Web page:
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Printmaking Excellence and the Artistic Process

Friday, February 17, 2012
Marymount University senior Jennifer Lillis, an Art major, has three prints on exhibit in the second annual Excellence in Printmaking Exhibition at the Washington Printmakers Gallery in Washington, DC, which runs through February 26, 2012. Honored to have her work accepted into the show, she was thrilled when one of her prints, titled Pythia, won second place.

The three prints all have names inspired by ancient Greek culture. Pythia, often called the “Oracle of Delphi,” was the priestess of the Temple of Apollo at Delphi. Another print is titled Omphalos, which is an ancient religious stone that represents the center (or “navel,” as the word translates) of the world. One of the most famous omphalos stones is located in Delphi. The third print is Pass at Thermopylae, which is where a small Greek force bravely held off the massive Persian army for seven days in 480 B.C.

Now firmly ensconced in the art world with plans to pursue a Master of Fine Arts, Jennifer didn’t begin her college career with that goal in mind. “I was a Business Administration major originally,” she says with a laugh. “In fact, I only took one art class when I was at Bishop O’Connell High School.”

At Marymount, she enjoyed art classes taken initially as electives. Then study abroad courses – on painting, handmade books, and still life in Greece, as well art history in Belgium – really ignited her passion for art. Jennifer is hoping to fit one more study abroad experience in this May to work on water landscapes and mixed media on the French Riviera.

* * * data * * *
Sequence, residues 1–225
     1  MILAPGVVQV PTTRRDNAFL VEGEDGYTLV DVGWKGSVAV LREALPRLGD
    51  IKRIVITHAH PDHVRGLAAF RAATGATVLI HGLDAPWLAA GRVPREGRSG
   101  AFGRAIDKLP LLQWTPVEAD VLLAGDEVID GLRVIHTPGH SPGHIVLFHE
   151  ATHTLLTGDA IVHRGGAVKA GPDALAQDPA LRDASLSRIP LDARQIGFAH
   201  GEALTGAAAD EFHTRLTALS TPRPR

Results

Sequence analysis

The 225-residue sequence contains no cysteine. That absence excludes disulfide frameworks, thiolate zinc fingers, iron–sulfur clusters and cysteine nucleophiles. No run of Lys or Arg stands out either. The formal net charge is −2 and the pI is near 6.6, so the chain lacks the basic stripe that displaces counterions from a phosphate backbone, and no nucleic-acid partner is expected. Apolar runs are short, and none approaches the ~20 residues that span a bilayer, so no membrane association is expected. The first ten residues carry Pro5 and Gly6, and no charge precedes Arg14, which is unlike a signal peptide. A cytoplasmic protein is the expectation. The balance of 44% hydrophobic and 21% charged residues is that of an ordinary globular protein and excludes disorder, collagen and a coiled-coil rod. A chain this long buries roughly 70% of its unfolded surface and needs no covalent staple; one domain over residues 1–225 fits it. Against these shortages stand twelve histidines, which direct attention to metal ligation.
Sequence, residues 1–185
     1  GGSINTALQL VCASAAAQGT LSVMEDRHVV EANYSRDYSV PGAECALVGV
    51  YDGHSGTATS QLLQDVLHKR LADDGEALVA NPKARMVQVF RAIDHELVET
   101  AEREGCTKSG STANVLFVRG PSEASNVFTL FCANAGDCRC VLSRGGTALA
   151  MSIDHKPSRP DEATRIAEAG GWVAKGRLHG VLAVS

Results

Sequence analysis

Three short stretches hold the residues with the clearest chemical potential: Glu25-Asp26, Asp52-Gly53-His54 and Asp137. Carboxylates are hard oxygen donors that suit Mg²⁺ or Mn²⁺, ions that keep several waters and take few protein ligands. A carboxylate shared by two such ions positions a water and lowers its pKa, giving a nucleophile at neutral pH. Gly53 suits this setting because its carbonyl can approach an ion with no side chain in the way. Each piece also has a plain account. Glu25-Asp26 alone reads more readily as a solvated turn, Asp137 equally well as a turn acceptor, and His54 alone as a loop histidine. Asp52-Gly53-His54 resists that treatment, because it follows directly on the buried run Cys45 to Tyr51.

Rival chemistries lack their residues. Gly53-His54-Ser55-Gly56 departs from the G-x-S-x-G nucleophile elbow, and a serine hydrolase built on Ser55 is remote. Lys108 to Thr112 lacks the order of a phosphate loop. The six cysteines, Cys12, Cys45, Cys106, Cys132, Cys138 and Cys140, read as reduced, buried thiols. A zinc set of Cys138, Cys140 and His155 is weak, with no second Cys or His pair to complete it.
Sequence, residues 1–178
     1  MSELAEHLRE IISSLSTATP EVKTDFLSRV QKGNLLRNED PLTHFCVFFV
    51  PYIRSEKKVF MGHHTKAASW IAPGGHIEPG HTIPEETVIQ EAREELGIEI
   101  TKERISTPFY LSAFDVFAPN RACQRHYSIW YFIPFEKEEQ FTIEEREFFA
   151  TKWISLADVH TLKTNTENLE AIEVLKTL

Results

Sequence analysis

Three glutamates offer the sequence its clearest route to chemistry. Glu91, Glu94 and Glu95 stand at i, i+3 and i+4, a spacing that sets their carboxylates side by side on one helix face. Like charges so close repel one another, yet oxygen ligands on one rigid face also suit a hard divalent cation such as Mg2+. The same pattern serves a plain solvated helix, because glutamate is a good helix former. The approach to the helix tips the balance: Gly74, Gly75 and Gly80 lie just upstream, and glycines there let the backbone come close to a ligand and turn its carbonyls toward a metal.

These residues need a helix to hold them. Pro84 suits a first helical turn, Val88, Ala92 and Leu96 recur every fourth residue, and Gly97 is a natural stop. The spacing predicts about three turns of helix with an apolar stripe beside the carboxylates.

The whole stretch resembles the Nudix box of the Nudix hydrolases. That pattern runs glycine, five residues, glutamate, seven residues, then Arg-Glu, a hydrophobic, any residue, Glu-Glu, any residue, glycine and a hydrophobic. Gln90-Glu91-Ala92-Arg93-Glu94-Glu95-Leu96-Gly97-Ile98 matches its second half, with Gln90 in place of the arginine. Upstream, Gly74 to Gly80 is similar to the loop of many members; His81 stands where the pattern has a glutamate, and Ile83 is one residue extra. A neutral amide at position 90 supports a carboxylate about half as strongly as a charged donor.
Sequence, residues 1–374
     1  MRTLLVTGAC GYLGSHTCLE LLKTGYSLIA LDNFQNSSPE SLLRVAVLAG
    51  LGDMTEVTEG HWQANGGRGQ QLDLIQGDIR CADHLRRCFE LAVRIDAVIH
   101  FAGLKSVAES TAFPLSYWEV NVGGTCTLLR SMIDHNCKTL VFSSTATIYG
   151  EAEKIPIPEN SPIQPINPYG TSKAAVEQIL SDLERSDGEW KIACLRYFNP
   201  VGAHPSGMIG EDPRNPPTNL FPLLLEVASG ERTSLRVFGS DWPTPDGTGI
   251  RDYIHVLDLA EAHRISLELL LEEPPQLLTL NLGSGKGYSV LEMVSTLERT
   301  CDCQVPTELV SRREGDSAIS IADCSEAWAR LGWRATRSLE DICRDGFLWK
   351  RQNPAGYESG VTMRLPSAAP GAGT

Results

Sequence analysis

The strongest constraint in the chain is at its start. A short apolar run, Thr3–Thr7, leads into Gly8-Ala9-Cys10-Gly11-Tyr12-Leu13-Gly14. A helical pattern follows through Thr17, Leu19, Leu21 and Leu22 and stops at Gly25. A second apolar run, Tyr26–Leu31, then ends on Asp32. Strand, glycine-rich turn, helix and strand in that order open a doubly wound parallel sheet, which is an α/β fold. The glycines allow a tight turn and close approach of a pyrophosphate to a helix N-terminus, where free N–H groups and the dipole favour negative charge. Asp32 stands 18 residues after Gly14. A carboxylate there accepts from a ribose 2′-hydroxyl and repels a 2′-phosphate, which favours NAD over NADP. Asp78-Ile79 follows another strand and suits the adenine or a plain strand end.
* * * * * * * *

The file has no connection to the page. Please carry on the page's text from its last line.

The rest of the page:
Printmaking has become her specialty. Jennifer describes her artistic approach as an unconscious process or spontaneous automatism. She explains, “The unconscious influences one’s behavior and experiences even when the person is unaware. I use the process of automatic drawing to carve into a linoleum block – unifying the positive and negative space.” She adds, “I divide the surface into sections, alternating between each to develop the relationship between line, shape, and form throughout the design.”

Jennifer’s detailed designs feature swirls and patterns in interaction with one another – reflecting her inner world and the process of working through life experiences. Her work also invites viewers into a dialogue. She says, “I hope they have their own experience and enjoy it.”

Jennifer will graduate in May with a B.A. in Art and a minor in Art History. She’s now exploring MFA programs that offer a focus on printmaking and is considering teaching down the road. Jennifer is also glad that she has a foundation of business knowledge to balance her artistic side!